Skin cancer is the most prevalent form of cancer in the United States — a fact that can sound discouraging.
But another fact we know about skin cancer should be encouraging. It is straightforward: One of the best things we can do to prevent and treat skin cancer is simply screen more patients.
This responsibility falls on both patients and their doctors. Patients need to take skin cancer seriously (there are a surprising number who don’t) and make sure they get screened. And doctors need to take every opportunity to look at a patient’s skin, no matter the reason for the visit.
That sort of increased vigilance saves lives.
To see how we can get there, it is helpful to understand why screenings often don’t take place.
Reason 1: The incorrect belief that screenings are unnecessary.
This belief often stems from a 2016 report issued by the U.S. Preventive Services Task Force, a panel of independent medical experts who review evidence about whether or not to recommend particular preventive services in primary care settings.
I wrote about this report and the misunderstandings surrounding it in a previous blog post. The panel concluded that there wasn’t enough evidence to assess the balance of benefits, harms and costs of skin cancer screenings. It absolutely did not recommend against skin cancer screenings.
It might be true that having general healthcare providers conduct full-body skin exams for everyone in the general population does not pass a cost-benefit analysis.
But screenings by a certified dermatologist for patients who are at high risk for skin cancer can be extremely cost-effective. Finding and treating skin cancer early saves millions of healthcare dollars, as doctors can address it with a simple excision instead of chemotherapy, immunotherapy or more invasive surgery.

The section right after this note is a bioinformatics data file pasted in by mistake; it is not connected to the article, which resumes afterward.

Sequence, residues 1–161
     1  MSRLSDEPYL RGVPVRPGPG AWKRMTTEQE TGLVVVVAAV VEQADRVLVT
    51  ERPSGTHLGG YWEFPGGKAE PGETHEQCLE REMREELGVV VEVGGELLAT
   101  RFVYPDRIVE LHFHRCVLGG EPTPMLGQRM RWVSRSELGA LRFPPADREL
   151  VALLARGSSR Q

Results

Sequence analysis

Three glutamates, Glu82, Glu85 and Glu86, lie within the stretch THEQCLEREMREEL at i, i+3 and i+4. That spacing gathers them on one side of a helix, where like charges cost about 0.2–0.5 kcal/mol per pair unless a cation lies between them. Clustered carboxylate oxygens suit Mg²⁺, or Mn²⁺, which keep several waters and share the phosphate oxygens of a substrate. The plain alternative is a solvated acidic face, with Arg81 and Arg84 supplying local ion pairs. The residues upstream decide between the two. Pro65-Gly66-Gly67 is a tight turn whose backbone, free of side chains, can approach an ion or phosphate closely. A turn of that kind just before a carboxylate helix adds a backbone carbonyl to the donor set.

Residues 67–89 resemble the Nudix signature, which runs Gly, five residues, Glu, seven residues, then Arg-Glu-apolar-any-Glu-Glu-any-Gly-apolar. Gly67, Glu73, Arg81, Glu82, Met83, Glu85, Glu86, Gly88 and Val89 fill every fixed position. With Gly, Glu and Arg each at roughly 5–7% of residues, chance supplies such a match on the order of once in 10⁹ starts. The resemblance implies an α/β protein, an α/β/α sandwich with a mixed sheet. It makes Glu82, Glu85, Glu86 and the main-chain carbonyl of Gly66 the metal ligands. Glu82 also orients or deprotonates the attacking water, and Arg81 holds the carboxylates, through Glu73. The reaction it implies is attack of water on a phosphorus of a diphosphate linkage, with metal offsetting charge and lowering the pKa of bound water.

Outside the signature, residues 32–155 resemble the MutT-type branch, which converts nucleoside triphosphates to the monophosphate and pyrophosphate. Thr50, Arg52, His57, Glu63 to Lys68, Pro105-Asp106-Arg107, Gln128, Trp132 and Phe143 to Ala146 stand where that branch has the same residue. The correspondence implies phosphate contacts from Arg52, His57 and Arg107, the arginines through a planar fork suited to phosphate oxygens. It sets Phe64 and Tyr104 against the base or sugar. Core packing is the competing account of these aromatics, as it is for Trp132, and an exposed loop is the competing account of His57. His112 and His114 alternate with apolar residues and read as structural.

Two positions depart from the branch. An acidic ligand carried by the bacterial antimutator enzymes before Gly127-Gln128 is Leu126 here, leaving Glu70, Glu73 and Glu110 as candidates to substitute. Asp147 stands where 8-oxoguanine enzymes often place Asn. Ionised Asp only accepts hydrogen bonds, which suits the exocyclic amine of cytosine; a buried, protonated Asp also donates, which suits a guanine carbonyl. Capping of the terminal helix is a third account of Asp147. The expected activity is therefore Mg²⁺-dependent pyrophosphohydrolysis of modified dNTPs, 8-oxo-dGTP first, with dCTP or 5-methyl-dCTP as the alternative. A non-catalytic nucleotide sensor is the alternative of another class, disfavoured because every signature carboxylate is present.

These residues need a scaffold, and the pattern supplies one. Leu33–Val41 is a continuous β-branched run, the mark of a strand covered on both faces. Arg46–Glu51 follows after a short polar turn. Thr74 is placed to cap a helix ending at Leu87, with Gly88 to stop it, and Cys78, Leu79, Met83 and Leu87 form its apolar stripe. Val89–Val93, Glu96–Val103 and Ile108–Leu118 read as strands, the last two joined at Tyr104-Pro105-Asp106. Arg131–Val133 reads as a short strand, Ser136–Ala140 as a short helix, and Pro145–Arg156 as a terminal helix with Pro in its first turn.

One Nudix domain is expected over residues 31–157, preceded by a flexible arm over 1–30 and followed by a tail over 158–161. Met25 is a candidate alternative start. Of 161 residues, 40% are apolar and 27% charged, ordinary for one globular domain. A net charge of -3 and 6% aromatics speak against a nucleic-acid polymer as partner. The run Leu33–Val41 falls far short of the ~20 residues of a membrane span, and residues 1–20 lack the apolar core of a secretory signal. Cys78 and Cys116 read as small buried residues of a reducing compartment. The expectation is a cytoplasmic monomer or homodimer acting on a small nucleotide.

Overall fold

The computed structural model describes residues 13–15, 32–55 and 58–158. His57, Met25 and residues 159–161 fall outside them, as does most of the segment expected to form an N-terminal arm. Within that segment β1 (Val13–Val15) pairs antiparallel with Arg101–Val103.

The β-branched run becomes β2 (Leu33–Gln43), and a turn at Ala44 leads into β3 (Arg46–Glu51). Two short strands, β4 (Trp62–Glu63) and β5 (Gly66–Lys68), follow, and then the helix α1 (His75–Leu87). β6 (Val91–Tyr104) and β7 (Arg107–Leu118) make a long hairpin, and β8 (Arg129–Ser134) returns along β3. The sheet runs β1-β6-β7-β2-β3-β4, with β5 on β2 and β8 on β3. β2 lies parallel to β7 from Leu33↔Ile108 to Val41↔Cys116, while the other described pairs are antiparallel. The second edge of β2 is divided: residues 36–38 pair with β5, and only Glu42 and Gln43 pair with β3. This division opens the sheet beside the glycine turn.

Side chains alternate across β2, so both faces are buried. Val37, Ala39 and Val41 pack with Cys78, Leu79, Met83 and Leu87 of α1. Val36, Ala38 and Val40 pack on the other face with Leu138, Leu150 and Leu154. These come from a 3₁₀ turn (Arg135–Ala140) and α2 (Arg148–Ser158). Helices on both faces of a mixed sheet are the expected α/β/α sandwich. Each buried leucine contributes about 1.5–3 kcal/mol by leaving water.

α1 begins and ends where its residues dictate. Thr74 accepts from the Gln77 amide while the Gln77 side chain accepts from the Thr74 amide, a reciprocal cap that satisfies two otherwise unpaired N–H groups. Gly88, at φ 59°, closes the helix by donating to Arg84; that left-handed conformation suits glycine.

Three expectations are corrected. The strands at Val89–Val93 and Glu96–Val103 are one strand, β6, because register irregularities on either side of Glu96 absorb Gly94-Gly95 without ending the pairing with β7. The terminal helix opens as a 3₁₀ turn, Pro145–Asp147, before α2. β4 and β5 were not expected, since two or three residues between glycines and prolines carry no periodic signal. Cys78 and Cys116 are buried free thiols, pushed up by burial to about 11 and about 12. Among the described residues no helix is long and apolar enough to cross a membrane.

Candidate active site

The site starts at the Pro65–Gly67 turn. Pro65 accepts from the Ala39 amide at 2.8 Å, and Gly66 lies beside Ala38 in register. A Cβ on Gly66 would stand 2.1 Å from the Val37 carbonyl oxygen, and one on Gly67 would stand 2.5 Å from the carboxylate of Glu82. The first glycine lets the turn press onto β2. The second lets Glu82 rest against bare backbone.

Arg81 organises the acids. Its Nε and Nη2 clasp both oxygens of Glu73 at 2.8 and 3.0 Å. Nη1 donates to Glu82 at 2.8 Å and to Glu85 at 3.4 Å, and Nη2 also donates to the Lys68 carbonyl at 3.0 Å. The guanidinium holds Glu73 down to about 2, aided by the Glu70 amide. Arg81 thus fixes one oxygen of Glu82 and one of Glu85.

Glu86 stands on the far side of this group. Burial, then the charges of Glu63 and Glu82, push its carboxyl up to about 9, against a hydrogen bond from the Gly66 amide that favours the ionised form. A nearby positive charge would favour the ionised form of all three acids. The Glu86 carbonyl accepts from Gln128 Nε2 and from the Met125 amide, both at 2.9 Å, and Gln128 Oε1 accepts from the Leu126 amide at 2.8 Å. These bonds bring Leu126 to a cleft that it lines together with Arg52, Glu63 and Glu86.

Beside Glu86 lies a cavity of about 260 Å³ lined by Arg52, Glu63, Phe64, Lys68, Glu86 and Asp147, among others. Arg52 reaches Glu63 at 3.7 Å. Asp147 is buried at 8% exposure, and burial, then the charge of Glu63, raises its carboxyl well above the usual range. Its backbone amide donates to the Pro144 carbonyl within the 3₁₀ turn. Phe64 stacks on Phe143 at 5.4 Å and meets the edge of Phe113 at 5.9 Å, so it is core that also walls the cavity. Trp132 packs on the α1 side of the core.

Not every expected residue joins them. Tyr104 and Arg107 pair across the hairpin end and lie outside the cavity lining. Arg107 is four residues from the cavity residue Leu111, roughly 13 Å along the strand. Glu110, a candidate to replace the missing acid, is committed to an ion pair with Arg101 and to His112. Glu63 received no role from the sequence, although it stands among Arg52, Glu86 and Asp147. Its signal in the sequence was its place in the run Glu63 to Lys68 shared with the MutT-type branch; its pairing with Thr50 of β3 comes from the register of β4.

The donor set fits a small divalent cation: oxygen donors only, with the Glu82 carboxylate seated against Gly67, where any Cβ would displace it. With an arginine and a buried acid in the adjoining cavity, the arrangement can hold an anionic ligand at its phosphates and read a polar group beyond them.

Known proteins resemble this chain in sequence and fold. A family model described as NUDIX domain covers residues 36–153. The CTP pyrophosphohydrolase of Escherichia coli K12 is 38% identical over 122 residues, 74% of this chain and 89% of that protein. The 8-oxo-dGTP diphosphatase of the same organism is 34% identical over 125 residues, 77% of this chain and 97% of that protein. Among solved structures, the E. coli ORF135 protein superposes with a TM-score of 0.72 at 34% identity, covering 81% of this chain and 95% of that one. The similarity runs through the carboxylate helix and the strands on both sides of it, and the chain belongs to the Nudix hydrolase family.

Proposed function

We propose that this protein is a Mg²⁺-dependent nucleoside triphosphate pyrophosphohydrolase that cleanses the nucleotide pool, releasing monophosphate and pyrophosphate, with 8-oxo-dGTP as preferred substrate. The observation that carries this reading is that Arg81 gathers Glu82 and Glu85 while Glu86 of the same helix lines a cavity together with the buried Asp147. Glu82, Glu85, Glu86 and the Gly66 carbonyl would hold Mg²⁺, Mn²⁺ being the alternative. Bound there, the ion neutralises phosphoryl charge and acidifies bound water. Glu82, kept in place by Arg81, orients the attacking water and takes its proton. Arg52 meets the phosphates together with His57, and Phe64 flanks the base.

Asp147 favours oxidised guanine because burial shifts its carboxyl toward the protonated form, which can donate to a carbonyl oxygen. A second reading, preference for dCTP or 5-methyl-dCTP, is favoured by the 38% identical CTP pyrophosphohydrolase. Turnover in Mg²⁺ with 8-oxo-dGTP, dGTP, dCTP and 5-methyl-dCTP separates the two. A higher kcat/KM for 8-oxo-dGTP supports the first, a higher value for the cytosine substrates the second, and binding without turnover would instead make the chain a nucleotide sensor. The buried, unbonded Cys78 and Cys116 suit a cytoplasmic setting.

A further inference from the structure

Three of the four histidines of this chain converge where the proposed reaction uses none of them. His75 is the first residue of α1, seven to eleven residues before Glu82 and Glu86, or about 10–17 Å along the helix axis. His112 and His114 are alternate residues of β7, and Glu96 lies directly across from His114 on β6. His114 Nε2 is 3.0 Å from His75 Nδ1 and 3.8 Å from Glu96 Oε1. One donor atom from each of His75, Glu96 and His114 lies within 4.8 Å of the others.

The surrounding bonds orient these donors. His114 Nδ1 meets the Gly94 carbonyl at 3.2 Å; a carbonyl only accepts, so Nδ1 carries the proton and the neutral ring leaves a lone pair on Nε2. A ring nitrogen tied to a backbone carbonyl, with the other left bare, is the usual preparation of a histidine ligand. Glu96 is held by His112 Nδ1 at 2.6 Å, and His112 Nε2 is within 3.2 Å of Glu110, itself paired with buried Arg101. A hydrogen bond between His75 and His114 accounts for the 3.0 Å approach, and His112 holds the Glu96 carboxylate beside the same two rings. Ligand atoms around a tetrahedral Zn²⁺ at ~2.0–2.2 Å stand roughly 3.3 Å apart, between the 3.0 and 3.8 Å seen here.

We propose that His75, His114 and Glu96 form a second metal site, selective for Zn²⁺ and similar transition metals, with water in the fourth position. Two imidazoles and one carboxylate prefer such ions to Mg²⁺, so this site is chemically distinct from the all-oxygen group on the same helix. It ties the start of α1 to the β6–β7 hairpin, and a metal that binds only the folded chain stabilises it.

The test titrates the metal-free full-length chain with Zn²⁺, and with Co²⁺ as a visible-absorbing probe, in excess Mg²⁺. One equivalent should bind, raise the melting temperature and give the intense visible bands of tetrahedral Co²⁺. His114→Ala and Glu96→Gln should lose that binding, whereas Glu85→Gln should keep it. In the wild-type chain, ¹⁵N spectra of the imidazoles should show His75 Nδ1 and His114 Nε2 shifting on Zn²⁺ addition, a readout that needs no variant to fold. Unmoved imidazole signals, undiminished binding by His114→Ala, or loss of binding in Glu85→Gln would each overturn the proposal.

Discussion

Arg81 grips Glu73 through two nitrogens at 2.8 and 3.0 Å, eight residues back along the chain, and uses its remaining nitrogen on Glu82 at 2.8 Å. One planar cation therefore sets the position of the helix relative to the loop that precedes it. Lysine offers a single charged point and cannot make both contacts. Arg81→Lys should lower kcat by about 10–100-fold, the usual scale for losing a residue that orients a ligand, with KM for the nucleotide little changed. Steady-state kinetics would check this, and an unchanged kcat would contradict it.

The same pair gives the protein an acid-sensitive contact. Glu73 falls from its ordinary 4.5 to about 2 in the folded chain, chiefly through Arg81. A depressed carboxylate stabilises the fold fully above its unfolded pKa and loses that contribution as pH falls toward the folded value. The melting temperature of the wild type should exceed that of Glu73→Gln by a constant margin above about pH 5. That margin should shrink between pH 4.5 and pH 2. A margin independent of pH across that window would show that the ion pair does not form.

And it’s important to add that a large segment of the population is at risk for skin cancer. As a starting point, I recommend any caucasian over the age of 50 get screened. But anyone who has a family or personal history of melanoma, had sunburns growing up, used tanning beds, or has a fair complexion has increased risk for skin cancer. If you fall into one of these categories, seeing a dermatologist for a skin check is a good idea.
Reason 2: The misconception that people of color are immune.
It’s true that having more melanin (ie., darker skin) means your skin won’t burn as easily. And if you have more melanin, you usually have fewer moles. That does reduce skin cancer risk.
But it doesn’t eliminate the risk.
And unfortunately, those who believe they are protected from skin cancer don’t use sunscreen nor get screened as frequently. So often when a doctor detects skin cancer in a person of color, the cancer often is more advanced — portending a worse prognosis.
When I speak to groups, I tell them the story of reggae legend Bob Marley. Marley, born in Jamaica in 1945, had a type of melanoma on his pinky toe that was undiagnosed for too long. The cancer eventually spread and he died at age 36.